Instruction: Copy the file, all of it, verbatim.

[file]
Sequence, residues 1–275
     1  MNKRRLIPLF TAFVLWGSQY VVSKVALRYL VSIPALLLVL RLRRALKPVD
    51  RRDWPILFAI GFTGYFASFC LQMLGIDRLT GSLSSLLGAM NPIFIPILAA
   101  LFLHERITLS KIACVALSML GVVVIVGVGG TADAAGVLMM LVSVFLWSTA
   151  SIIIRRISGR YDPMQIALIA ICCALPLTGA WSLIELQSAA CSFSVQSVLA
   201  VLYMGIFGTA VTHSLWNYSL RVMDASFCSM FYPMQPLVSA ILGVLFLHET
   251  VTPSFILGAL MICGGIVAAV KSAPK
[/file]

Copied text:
Sequence, residues 1–275
     1  MNKRRLIPLF TAFVLWGSQY VVSKVALRYL VSIPALLLVL RLRRALKPVD
    51  RRDWPILFAI GFTGYFASFC LQMLGIDRLT GSLSSLLGAM NPIFIPILAA
   101  LFLHERITLS KIACVALSML GVVVIVGVGG TADAAGVLMM LVSVFLWSTA
   151  SIIIRRISGR YDPMQIALIA ICCALPLTGA WSLIELQSAA CSFSVQSVLA
   201  VLYMGIFGTA VTHSLWNYSL RVMDASFCSM FYPMQPLVSA ILGVLFLHET
   251  VTPSFILGAL MICGGIVAAV KSAPK